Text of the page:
A fresh bill proposing military exemptions for K-pop artists and athletes has reignited controversy.
On Tuesday, Rep. Sung Il-jong of the main opposition People Power Party said he had proposed a bill that would excuse men from military service if they promoted national prestige. The exemptions would apply to top K-pop stars, such as the members of boy band BTS, and athletes who set national records.
The regulations were revised in December to allow leading pop culture artists to postpone service until the age of 30, instead of 28. The change enabled BTS’ oldest member -- Kim Seok-jin, 28 -- to continue performing for two more years.
The latest bill would enable him to avoid conscription altogether.
Currently, classical musicians who win awards in international or national contests are exempt. As K-pop stars gain global recognition and receive international music awards, people are asking whether they too should be eligible for exemptions. BTS has won several Billboard Music Awards and was nominated for a Grammy.
The bill also aims to excuse athletes who set records for South Korea.
The current law only excuses Olympic and Asian Games medalists. Some took issue with the law after high jumper Woo Sang-hyeok didn’t qualify for an exemption despite setting a national record at the Tokyo Olympics. He finished fourth, without a medal.
Rep. Sung said, “The current system only benefits those in elite-oriented classical art as well as sports (in which) medals are highly likely. The revision of the law is aimed at securing equity.”
Online communities showed mixed reactions to the news about the bill.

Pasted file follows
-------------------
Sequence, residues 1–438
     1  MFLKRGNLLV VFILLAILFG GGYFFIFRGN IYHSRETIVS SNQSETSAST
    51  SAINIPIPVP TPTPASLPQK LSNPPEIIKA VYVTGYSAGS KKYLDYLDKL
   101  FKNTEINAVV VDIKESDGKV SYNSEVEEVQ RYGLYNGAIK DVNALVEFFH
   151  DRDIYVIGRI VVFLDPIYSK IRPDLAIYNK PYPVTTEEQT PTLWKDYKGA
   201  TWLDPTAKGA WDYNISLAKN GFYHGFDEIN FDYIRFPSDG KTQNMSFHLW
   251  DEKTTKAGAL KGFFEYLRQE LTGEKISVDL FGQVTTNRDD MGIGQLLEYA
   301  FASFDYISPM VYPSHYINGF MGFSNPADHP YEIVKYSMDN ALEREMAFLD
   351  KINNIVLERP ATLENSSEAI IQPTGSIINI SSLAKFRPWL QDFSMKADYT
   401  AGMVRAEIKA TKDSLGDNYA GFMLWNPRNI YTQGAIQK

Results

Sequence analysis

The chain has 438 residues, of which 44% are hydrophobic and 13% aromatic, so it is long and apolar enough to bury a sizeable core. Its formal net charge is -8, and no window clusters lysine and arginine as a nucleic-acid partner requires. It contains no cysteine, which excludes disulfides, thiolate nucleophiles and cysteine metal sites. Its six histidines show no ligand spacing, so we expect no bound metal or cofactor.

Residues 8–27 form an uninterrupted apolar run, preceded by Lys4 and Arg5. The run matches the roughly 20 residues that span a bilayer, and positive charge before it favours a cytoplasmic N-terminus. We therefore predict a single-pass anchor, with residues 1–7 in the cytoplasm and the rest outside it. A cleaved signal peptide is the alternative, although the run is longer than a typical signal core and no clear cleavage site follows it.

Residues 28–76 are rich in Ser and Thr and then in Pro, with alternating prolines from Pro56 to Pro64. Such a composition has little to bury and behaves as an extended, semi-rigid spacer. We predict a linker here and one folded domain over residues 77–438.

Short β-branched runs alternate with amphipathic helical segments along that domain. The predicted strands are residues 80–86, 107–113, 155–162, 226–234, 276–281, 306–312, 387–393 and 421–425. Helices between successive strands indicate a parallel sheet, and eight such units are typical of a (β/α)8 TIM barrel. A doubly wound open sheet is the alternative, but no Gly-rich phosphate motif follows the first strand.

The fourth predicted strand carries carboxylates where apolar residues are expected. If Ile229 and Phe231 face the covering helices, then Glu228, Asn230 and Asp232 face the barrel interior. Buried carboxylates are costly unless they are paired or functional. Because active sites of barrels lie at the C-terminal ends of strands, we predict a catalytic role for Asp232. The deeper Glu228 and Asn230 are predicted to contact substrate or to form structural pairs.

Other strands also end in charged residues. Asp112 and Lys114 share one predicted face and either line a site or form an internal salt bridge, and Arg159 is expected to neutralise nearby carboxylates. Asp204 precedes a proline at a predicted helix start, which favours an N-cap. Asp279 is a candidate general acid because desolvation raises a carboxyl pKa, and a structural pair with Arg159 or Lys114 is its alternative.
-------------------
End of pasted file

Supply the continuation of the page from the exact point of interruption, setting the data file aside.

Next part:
“No one can improve national prestige like BTS, honestly,” read one comment. “Over the last three years, BTS has enormously changed how the world views Korea and they have a great impact on the economy.” The comment received more than 100 “likes.”
BTS brings about $5 billion into Korea every year, according to data from the Hyundai Research Institute. A government survey of 8,000 foreigners worldwide showed that BTS came in second when respondents were asked what came to mind when they thought of Korea. President Moon Jae-in was first.
But the bill also faces backlash.
Draft exemptions are a thorny issue in this society, where celebrities, sportsmen, politicians and their sons have often been exempted from military service on questionable health grounds.
One commentator said, “If they promote national prestige, it is right to postpone military service. But I don’t agree with complete exemption.” That comment gained more than 600 “likes.” Another person wrote, “Military service is, after all, a social penalty.”
Hong Wan-pyo, 32, an accountant, said, “It is a waste of time that BTS should spend two years in the Army. But it is also equally a waste of time that ordinary Korean young men should spend their two years.
“No one knows what ordinary men would have achieved if they hadn’t gone to the Army.”
According to a survey conducted by the Korean Broadcasting System last year on whether military exemptions should be granted to pop culture artists, 47 percent of respondents were opposed to the idea while 44.7 percent were in favor. Among respondents serving in the military, 50.9 percent said they were against it.
BTS has consistently stated that “military service is a natural obligation.” The oldest member, Kim, told the press that he and his bandmates had discussed the matter many times and all planned to enroll in the military someday.
By Shin Ji-hye (firstname.lastname@example.org